dissected by critics, argued over in Parliament, editorialized in newsprint, magazine print, radio-TV voice-print. Only on one point does everyone, even Pauline Kael, agree. Malcolm McDowell as Alex, the engaging tough whose principal interests are now nearly immortal, gives a singularly brilliant performance that not only heralds the arrival of a superstar, but also of the most accomplished British actor of his generation. At 28, lie has defined the most important and central character of any of master filmmaker Stanley Kubrick's nine creations. A no-nonsense integrity comes through the bowler hat and false eyelash on screen and startles the complacent talk show panel on the tube. If the interviewer's questions aren't intelligent, he'll improvise the answers. His thoughts are direct and honest but tempered with a wry exploding laugh when he or someone else takes himself too seriously.
PATRICK MAGEE (Mr. Alexander) in "A Clockwork Orange," received the coveted Tony Award for the season's best dramatic performance as the Marquis de Sade in Peter Brook's acclaimed production of Marat/Sade, with the Royal Shakespeare Company. The Irish actor was first brought to London by Tyrone Guthrie for a series of Irish plays and staved to star in the premiere production of Samuel Beckett's Krapp's Last Tape, which was written especially for him by the Nobel-Prize winner. A distinguished series of contemporary plays with the Royal Shakespeare Company followed including Harold Pinter's The Birthday Party, Beckett's Endgame, Brecht's Puntila and Charles Dyer's The Staircase with Paul Scofield. On screen, Magee has appeared in Michael Cacoyannis THE TROJAN WOMAN Peter Brook's KING LEAR, Ken Hughes CROMWELL, as well as the film versions of MARAT/SADE and THE HOMECOMING, directed by William Friedkin.
MIRIAM KARLIN (Catlady) did not tell producer-director Kubrick she was allergic to cats when he cast her. as the kinky spa owner of 30 felines. But she so wanted to work with him that she went to a hypnotist four times a week until he cured her of the allergy as well as her 60-cigarette a day habit. ~ Karlin created the role of "Golde" to Topol's "Tevye" in the London production of FIDDLER ON THE ROOF, and has starred in the West End in Rain, The Bad Seed and The Diary of Anne Frank. Ms. Karlin recently completed a successful tour of Butterflies Are Free in Australia and New Zealand, where she also has an extensive following.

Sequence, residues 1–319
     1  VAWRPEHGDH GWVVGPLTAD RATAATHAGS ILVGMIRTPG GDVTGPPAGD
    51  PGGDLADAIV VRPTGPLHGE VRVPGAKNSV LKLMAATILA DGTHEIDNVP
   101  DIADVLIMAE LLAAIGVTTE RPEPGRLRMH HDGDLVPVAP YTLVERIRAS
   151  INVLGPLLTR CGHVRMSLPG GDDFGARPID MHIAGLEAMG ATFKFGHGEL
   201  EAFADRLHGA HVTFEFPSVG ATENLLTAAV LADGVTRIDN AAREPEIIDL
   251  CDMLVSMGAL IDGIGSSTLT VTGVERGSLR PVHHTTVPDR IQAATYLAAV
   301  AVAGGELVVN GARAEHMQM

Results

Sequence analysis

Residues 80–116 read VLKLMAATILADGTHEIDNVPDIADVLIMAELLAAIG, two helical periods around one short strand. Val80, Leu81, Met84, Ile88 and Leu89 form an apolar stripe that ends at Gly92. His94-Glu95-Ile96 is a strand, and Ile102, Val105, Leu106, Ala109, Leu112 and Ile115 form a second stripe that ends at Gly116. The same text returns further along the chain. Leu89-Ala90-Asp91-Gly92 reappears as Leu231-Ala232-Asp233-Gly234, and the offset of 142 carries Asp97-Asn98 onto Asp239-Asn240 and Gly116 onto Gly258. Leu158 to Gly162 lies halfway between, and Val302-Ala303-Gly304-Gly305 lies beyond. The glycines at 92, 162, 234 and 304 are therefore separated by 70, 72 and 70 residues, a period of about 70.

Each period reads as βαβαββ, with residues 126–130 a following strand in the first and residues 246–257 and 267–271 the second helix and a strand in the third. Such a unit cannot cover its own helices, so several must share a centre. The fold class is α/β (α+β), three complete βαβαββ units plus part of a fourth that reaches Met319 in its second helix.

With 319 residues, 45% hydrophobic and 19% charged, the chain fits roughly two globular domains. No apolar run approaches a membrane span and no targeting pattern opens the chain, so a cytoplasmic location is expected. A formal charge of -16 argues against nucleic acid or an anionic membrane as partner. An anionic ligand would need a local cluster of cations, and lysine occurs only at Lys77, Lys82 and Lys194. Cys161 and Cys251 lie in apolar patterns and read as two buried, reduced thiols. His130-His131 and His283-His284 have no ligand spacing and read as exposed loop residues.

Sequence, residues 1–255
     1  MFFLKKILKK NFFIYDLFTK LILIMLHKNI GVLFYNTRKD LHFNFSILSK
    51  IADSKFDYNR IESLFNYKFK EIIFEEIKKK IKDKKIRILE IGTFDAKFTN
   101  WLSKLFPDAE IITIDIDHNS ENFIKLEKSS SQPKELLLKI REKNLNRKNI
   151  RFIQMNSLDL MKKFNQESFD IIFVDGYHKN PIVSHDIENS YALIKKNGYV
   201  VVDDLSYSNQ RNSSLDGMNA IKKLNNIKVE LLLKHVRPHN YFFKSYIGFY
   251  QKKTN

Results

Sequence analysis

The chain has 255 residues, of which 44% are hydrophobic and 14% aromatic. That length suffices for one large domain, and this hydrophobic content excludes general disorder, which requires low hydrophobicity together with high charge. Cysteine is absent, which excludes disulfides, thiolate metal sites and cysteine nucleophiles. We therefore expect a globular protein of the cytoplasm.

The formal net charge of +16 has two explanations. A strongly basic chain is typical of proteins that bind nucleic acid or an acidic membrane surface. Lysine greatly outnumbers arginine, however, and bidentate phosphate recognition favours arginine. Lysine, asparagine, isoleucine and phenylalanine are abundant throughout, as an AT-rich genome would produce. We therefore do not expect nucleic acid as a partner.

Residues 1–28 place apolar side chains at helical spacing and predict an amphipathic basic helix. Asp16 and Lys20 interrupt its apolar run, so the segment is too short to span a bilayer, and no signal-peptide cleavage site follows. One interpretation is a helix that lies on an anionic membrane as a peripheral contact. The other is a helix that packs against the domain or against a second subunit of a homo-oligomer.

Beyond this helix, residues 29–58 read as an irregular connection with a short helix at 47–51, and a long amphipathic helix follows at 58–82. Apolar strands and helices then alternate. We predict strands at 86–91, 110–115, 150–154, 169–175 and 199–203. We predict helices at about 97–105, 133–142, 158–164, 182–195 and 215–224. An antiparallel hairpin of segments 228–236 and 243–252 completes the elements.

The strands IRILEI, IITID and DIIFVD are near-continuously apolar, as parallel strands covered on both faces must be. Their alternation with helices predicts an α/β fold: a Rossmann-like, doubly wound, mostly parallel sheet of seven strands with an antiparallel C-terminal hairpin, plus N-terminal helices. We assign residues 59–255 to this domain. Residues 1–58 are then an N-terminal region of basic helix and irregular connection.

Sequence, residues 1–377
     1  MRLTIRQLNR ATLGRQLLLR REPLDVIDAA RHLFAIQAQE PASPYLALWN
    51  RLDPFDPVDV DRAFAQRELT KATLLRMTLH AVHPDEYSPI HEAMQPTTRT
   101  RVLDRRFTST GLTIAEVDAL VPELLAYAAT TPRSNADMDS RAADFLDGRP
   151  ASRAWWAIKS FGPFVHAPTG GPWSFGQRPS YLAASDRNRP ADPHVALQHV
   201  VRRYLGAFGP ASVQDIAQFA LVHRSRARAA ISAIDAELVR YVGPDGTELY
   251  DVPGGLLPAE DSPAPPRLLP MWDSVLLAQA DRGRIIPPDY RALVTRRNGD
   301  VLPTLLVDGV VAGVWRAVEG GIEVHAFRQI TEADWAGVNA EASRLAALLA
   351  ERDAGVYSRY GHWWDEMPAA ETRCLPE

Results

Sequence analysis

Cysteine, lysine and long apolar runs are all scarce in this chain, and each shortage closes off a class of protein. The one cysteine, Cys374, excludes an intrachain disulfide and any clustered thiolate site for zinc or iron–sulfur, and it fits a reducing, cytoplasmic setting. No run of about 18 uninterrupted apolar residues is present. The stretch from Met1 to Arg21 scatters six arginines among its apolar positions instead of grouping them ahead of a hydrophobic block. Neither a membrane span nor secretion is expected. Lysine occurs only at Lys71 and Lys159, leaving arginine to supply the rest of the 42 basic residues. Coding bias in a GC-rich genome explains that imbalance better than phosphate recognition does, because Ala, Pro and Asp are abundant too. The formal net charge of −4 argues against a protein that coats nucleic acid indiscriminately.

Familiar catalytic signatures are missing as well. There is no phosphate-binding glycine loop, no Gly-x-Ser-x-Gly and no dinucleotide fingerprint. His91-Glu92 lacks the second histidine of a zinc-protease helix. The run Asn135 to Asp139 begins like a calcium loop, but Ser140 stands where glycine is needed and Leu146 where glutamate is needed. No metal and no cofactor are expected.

MICHAEL BATES (Chief Guard)has appeared in military uniforms in Oh What A Lovely War, The Battle of Britain, Dunkirk, Patton" and Hitchcock's forthcoming Frenzy. In addition to his officious, nearly apoplectic prison officer in Clockwork Orange, his comic genius is also on view in the West End in Peter Nichol's hit play Forget-Me-Not Lane, for which the London Drama Critics named him this year's Best Supporting Actor. Among his numerous stage credits are Inspector Truscott in Joe Or-ton's Loot, Toad in Toad of Toad Hall.
Impulsive ADRIENNE CORRI (Mrs. Alexander) made her screen debut at 15 in Jean Renoir's The River. In her last, Vampire Circus, she learned to have bats land on her shoulder. And in between, she was directed by Laurence Olivier in THE SHIFTING HEART, starred on Broadway in Anouilh's THE REHEARSAL, played Julie Christie's mother in DR. ZHIVAGO, dubbed voices for Fellini in LA DOLCE VITA and has appeared or starred in well over a hundred international plays, films and television specials. Clockwork Orange was her first full frontal film. "I must be the first natural redhead in Britain to do a strip". She sent Kubrick a pair of red socks for Christmas.
ANTHONY SHARP (The Minister of the Interior), who maneuvers and manipulates the government's position in perfect patrician style, wears three show business hats - actor, director, writer. He made his stage debut with Fay Comption in Family Portrait and toured with Sir Ralph Richardson in Merchant of Venice and Midsummer Night's Dream following extensive repertory work in England. Among his West End directorial successes are Wait Until Dark (for Honor Blackman), Any Other Business and Difference of Opinion. His plays The Conscience of the King and an adaption of Nightmare Abbey have been staged in London and at Windsor's Theatre Royal.
WARREN CLARKE (Dim) was the only cast member of HOME who did not join Sir Ralph Richardson, Sir John Gielgud, Mona Washbourne and Dandy Nichols when David Storey's acclaimed play arrived on Broadway. Warren, who portrayed the silent inmate "Alfred," was scheduled to go when Kubrick chose him to play Alex's dim-witted droog. Dirctor Lindsay Anderson recast the role. Clarke's relationship with Lindsay Anderson and David Storey began when he understudied the idiot boy in "The Contractor" and has continued for his important role in their current hit, "The Changing Room." Click here for more